Former president Jacob Zuma and the Guptas “should carry a big share of the blame” for consumers’ additional burden of being more harshly taxed.
This is due to flagrant corruption and state capture under the Zuma administration, according to economists reacting to Finance Minister Malusi Gigaba’s announcement of a 1% VAT increase from 14% to 15% in yesterday’s budget speech.
“The man on the street is now being lumbered with all sorts of increases in his cost of living that would otherwise not have occurred. They should carry a big share of the blame for this,” economist Azar Jammine said.
“Much of this arises out of the complete and flagrant disregard for the needs of the man on the street by the previous administration under Zuma. This is coming back to hit those people with the impact of the VAT.
“I don’t know what more to say about this, but Zuma has paid for it through early recall. Hopefully, the chickens will come home to roost,” he said.
Economist Mike Schussler, in echoing this view, also pointed to the fuel levy increasing by 52 cents per litre as of April and increases in sin taxes of between 6% and 10%. This would only add to the pressure on consumers’ pockets, he said.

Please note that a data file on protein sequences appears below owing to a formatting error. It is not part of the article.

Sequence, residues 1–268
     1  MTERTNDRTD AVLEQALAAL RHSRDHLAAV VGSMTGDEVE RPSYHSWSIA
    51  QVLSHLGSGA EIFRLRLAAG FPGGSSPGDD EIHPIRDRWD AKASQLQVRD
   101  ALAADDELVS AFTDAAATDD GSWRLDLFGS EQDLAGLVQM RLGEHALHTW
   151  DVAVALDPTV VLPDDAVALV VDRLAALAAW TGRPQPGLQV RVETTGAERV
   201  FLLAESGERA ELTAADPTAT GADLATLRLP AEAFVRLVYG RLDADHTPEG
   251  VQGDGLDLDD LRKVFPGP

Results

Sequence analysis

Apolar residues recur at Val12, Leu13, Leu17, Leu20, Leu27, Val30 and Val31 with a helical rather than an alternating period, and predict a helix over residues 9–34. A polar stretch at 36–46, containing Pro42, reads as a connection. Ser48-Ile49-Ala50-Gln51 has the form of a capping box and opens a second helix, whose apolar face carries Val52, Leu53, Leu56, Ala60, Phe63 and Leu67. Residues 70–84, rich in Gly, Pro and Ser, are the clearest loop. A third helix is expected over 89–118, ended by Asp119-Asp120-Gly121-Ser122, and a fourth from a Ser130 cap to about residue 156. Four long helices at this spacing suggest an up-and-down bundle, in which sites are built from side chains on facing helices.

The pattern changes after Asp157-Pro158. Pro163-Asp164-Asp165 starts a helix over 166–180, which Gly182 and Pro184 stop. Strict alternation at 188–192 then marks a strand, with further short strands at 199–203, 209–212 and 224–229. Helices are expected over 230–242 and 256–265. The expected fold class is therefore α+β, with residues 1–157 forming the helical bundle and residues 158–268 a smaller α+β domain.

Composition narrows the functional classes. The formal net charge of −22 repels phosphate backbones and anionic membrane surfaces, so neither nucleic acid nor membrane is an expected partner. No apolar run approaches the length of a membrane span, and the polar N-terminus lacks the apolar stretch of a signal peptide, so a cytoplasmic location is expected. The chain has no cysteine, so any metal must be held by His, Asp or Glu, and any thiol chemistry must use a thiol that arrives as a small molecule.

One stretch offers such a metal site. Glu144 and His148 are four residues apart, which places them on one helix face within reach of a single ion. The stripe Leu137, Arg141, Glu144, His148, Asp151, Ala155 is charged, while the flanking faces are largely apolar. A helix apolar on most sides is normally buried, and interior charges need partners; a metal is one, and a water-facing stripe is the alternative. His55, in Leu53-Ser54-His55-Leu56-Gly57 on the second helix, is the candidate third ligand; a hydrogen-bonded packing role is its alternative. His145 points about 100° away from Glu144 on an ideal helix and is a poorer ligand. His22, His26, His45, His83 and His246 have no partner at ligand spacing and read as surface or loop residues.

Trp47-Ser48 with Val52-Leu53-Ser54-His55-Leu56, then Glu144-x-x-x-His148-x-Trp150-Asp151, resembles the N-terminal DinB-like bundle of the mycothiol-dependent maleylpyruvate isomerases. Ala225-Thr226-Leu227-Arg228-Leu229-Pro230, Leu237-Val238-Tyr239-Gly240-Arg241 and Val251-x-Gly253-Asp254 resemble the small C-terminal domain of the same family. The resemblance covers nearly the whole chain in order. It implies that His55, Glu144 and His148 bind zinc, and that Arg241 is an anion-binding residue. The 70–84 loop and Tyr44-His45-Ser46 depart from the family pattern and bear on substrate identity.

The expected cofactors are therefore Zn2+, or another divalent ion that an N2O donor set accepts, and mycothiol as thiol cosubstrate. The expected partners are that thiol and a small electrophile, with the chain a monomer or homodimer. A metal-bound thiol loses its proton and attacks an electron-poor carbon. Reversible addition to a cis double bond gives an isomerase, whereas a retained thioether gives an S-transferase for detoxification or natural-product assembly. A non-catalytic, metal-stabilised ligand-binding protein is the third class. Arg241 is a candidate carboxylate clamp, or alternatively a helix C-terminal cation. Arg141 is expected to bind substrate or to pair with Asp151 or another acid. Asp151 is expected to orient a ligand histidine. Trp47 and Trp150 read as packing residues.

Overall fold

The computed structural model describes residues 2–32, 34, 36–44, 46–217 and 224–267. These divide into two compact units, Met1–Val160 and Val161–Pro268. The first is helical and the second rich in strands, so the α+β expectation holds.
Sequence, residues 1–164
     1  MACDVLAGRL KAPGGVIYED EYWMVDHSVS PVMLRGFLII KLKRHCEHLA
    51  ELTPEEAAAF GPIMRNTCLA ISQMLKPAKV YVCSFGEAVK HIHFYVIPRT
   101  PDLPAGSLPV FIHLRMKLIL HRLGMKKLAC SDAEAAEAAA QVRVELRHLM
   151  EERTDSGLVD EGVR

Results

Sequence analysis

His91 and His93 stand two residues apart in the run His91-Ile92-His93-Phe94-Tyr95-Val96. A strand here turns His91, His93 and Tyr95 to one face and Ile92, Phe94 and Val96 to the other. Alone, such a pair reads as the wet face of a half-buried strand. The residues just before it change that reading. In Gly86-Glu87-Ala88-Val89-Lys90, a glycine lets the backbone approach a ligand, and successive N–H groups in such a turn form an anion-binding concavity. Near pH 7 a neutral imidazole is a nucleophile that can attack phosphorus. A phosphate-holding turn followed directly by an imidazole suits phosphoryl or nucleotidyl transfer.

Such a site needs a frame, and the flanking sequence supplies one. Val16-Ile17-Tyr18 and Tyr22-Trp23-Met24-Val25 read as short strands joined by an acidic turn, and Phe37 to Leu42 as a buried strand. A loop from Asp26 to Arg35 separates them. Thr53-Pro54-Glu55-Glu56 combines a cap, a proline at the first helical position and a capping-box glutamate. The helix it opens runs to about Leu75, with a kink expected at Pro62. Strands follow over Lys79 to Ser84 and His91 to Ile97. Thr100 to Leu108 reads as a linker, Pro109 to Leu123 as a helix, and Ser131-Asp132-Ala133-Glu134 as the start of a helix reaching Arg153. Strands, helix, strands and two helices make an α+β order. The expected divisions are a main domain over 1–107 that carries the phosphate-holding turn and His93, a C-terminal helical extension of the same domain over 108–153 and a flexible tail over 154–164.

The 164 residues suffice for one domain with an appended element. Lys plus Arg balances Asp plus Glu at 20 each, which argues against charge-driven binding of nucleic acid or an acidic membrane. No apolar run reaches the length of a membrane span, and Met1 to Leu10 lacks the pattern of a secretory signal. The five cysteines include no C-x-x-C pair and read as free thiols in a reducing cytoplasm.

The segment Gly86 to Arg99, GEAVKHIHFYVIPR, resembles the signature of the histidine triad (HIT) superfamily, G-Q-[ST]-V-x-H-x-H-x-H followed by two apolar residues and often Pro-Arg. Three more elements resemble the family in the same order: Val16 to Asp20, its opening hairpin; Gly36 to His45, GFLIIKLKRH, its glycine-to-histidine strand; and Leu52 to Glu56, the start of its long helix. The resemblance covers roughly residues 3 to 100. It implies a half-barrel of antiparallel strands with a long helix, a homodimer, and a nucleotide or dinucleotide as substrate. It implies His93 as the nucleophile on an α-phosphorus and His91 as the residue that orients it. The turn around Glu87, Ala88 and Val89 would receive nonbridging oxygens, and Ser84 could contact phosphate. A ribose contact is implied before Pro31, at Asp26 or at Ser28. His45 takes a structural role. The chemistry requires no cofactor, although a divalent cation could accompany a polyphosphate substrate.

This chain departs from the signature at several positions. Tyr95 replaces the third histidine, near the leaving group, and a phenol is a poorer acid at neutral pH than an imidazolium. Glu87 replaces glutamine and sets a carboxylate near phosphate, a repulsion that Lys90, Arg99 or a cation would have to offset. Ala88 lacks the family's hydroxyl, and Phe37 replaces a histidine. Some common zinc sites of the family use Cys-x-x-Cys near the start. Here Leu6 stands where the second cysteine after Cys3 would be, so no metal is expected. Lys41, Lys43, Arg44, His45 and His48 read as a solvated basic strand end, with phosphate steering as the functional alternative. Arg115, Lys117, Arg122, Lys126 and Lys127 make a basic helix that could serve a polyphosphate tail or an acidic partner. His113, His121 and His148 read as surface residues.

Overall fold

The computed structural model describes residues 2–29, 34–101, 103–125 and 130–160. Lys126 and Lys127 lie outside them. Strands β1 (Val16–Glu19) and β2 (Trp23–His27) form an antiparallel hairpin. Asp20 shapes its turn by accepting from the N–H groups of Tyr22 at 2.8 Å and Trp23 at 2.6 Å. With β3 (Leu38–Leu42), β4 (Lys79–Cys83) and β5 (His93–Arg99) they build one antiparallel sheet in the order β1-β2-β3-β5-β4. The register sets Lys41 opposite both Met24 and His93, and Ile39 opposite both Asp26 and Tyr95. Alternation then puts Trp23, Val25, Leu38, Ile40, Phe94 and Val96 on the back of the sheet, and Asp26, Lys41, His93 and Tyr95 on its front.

“We are looking at a situation where the tax burden is really increasing in South Africa and we are not getting value for money. And I think the Guptas probably had some impact on this.
“I am not one of those people who can just blame the Guptas, but I will say this – the corruption impact in South Africa has been huge,” he said.
Schussler agreed with an assessment by Standard Bank economists that “we have probably lost about a trillion rands in economic value through corruption and mismanagement of our economy”.
And, if the right laws were in place, “we probably would not have lost those trillion rands”.
“Part of our problem is certainly the corruption. I don’t think the Guptas are the only ones to blame. There are others that we know of. And when corruption is at the top of government, it very easily creeps into other parts of government,” he said.
Consumers can relax until March but from April 1 the VAT and fuel tax increases will be implemented.
“This will impact most of us,” said Schussler.
“It’s a huge increase. And, in April, we also get a 5.2% increase in electricity so I think the inflation rate this year will be above 5.2%,” said Schussler.